MARCO WERMAN: I'm Marco Werman, and this is The World. It's been a dismal year for automakers around the world. But one company is experiencing a bit of a comeback. Toyota announced today it's received 180,000 orders for the latest version of the Prius hybrid. That's since May, when the new Prius came out in Japan. Toyota says it has a five-month waiting list for the fuel-efficient car. And the company hopes sales will be even stronger in the US. Workers at the Prius plant in Toyota City are working overtime to meet demand. Akiko Fujita recently took a tour, and sent this report.
AKIKO FUJITA: Toyota's Tsutsumi plant feels more like a bustling city than a car factory. Partly made Priuses create a traffic jam along the assembly lines. Workers rush to attach parts to the car's frame. At the welding shop across the way, dozens of tall robots stamp out new metal doors and roofs. This plant is roughly the size of 30 baseball fields. And company spokesman Paul Nolasco says you'd be hard pressed to find a quiet corner.
PAUL NOLASCO: The Prius plant is working pretty much near full tilt. We're doing whatever we can to meet demand.
FUJITA: Tsutsumi is one of only 2 plants in the world that produces Toyota's Prius hybrid. Workers here have been in overdrive since the company released its 3rd generation Prius last month. Demand has been so high, Toyota had to pull workers from other factories to keep up with orders.
NOLASCO: Right now, actually, at the plant that produces the Prius on the assembly side, we have about 4,400 team members. About 30 percent of the workers have come from other facilities.
FUJITA: It's a big turnaround from the mood earlier this year, when the company reported its worst annual loss in history. Japanese tax breaks have been a driving force behind the demand for the new Prius. In April, the government began waiving taxes for all hybrid cars ï¿½ in part to boost the country's struggling carmakers. Honda's new Insight became the first hybrid to top domestic car sales in Japan that month, only to be toppled by the more expensive Prius in May. But auto analyst Andrew Phillips, with KBC Securities in Japan, argues those tax breaks alone aren't responsible for Toyota's recent turnaround. He says Toyota's finally hit its stride after more than a decade spent trying to perfect its hybrid technology.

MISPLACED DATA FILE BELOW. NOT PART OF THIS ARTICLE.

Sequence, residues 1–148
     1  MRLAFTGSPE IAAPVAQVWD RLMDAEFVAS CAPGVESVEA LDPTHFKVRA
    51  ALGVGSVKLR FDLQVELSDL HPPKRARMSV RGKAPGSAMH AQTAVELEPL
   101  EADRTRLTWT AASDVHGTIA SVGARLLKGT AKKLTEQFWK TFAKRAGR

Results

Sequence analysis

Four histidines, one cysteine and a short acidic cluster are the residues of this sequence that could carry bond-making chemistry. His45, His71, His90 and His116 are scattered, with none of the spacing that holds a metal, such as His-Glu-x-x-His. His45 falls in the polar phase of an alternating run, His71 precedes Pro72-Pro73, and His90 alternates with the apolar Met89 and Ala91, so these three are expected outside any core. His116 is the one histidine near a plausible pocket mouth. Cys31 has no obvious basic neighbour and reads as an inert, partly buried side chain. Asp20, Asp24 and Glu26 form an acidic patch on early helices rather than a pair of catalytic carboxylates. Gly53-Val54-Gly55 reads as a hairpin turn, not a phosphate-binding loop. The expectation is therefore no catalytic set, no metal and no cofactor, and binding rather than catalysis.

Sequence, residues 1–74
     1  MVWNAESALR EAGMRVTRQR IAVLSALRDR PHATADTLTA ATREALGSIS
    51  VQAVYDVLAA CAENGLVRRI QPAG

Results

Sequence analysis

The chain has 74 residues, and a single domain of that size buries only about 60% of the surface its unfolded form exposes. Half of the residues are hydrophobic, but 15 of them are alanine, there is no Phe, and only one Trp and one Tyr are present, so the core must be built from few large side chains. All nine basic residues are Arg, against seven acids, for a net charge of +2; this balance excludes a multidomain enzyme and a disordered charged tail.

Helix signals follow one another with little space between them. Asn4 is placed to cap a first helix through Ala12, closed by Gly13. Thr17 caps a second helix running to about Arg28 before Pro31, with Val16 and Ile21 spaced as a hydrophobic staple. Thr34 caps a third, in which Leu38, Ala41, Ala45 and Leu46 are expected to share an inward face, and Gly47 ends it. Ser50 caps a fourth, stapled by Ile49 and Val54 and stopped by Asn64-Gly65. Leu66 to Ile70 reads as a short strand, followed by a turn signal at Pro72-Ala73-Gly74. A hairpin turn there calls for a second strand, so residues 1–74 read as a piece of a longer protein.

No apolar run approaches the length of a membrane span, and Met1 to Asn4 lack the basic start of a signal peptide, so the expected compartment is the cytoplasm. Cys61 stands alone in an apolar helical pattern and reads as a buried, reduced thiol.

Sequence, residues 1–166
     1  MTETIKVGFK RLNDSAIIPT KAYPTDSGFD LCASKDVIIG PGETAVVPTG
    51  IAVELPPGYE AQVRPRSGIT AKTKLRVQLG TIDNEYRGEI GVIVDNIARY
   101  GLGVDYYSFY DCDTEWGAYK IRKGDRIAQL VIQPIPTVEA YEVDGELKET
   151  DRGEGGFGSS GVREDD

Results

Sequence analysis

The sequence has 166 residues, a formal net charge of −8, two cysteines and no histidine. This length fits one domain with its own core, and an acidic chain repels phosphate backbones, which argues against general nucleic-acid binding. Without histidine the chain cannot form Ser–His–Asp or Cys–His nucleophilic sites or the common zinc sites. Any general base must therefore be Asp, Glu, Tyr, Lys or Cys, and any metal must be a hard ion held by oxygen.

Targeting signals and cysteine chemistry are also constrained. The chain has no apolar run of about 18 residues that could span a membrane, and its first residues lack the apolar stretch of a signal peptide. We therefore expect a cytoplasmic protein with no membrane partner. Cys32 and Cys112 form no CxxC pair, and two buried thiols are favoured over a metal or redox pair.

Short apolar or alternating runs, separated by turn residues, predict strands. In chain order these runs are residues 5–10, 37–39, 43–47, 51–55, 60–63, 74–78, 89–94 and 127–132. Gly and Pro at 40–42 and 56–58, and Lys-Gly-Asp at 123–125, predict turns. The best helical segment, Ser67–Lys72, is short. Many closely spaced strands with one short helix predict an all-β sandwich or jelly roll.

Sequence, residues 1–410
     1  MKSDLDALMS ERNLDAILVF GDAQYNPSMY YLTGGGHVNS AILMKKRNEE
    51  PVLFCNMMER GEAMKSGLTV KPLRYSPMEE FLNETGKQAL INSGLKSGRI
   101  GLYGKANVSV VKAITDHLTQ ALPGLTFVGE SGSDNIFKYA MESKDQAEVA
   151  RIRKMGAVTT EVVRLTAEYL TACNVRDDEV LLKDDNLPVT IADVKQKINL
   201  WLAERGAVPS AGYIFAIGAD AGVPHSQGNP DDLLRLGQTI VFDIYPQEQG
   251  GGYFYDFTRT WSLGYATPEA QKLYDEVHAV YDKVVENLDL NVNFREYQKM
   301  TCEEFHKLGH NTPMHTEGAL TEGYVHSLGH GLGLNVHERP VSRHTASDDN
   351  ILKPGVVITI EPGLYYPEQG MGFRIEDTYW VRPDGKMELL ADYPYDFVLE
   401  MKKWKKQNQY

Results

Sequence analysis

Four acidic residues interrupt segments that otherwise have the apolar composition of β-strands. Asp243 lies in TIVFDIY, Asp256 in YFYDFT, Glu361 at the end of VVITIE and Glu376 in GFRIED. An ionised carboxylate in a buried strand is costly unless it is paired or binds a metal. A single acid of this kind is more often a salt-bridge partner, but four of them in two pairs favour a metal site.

ANDREW PHILLIPS: On this 3rd generation, reducing the costs and also further enhancing the performance of the vehicle were the key issues. That's why it's been getting better, turning it into perhaps more of a mainstream product.
FUJITA: Toyota's marketing the latest Prius as a family-friendly car, not just an environmentally friendly one. Its starting price is also about $2,000 dollars cheaper than the 2nd generation Prius. Nolasco describes it as a car designed to take ordinary people to the mallï¿½. And he's confident that will appeal to American consumers as well. But analyst Andrew Phillips says the hybrid car alone won't pull Toyota out of its $4 billion dollar financial hole. The company's already announced it's expecting more red ink next year.
PHILLIPS: It's not a particularly high-end vehicle. I mean, it's a relatively small vehicle, and in the auto industry, smaller vehicles have smaller margins. So something of a Prius class vehicle is never going to have particularly high margins.
FUJITA: Still, Phillips says all the buzz around the new Prius does bring consumers back to dealerships, and that's a good thing for any car company. Japanese rivals Nissan, Subaru, and Mitsubishi are all hoping for the same kind of attention when they roll out their all-electric cars in the next 2 years. Toyota also plans to release an Electric vehicle 3 years from now. But for now, Nolasco says, hybrid technology will remain at the core of Toyota's green car lineup. And that means this Tsutsumi plant could be humming for years to come. For The World, I'm Akiko Fujita in Toyota City, Japan.